plenty of comments

to readers, guest photographers and co-authors, thanks for sharing plenty with us!


2008-04-09

svea torn (4)

...previously on plenty

The tower Svea torn is surrounded by some novel architecture

Svea torn (map) 23 Feb 2008

6 comments:

Kris McCracken said...

Is this one a public housing block or general rented?

Per Stromsjo said...

Hi Kris, I believe this is a housing cooperative and not in any way subsidized. Without a sufficient wallet you'd have to settle for the smallest apartment.

gardebring said...

You need a rather large wallet to even get the smallest apartemenet in Svea Torn. It's in an attractive location, and tall buildings are very rare in Stockholm, giving this building an extra attractivity.

Per Stromsjo said...

One might argue that a sparsely populated country wouldn't have to put a lot of effort into high-rise buildings but if people are willing to pay I guess we'll see more of these prestigious projects in the years to come.

Incidentally there was a report the other day about a decline in new housing projects, partly due to the fact that tax payers won't be subsidizing quite as generously as they used to. Just like in most countries, the size of the wallet will have a major impact on how and where you can live.

Thanks for stopping by, Gardebring.

gardebring said...

Well. There is an ecological aspect as well. Building a dense city takes up less space and gives shorter distances, as well as making it possible to use effective public transit. As the issue of the enviroment keeps climbing on the agenda I think it's crucial that we start to think differently about how we build our cities. This is the big issue in the US with their enormous suburbias with gas prises going up, but it will be an issue in Sweden as well with all our suburbs. We need to start building actual citities again.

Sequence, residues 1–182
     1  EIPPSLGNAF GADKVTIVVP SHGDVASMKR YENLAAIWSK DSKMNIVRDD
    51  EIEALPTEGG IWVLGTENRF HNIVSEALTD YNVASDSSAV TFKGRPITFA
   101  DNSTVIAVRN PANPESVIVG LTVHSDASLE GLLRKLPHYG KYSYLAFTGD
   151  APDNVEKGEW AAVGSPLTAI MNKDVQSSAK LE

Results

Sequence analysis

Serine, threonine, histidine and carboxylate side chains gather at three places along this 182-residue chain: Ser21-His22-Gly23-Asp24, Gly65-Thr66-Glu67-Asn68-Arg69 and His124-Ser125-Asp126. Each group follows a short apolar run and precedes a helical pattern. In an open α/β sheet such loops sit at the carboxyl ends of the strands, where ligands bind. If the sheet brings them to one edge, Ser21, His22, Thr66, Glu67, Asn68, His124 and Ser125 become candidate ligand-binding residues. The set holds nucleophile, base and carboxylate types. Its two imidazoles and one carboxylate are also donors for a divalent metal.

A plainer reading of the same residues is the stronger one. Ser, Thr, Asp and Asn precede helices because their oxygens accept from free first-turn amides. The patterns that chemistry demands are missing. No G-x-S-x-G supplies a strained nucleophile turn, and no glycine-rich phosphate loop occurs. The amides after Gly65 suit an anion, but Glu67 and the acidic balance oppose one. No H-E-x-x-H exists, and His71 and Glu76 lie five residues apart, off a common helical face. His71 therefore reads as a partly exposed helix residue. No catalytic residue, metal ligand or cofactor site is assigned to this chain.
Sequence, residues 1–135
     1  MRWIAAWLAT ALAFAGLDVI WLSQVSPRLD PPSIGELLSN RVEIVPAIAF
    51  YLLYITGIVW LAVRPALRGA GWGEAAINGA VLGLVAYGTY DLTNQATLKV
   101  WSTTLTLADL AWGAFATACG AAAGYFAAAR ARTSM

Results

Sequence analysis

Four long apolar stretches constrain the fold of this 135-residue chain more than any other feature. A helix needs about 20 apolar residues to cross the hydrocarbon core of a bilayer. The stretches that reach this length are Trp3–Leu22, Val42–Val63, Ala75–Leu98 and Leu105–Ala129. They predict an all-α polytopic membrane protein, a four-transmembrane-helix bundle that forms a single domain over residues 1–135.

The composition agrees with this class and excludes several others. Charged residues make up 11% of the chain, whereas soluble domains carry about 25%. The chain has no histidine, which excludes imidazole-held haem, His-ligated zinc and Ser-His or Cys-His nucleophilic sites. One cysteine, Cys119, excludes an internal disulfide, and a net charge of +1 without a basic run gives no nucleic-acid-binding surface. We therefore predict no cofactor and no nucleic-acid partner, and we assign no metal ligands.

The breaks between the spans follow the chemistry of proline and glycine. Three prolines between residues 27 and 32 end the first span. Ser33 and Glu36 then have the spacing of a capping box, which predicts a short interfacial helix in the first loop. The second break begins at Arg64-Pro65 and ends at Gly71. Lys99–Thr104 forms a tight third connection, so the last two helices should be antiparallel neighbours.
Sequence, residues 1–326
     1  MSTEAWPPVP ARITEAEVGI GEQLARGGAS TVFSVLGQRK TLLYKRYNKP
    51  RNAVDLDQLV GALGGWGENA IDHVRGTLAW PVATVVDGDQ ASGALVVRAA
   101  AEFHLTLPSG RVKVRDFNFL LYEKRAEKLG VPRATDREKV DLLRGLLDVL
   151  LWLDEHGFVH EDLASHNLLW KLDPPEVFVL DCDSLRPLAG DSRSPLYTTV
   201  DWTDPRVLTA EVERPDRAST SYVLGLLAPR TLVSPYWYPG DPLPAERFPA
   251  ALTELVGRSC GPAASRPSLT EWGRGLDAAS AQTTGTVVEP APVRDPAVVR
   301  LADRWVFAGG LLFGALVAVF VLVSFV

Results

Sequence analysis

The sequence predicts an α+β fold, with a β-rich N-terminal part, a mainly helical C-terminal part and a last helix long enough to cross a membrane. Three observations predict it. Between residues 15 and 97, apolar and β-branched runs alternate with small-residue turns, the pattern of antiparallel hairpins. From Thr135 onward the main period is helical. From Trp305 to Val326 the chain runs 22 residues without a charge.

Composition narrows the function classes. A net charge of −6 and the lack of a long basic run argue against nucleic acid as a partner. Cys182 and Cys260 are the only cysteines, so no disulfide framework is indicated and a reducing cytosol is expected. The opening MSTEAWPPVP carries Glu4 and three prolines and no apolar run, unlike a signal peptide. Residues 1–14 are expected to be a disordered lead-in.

Per Stromsjo said...

Good point about the environmental aspect. I agree that a modern city has a smaller footprint in terms of resource consumption per capita than suburban landscapes or - indeed - the countryside. Building and maintaining real skyscrapers (the kind we don't have in Sweden) does however introduce all sorts of other issues from security to - yes - resource consumption so there's probably an ecologically optimal number of floors for anyone clever enough to elaborate that equation... ;)

plenty more from Stockholm, Sweden - click on photos to enlarge!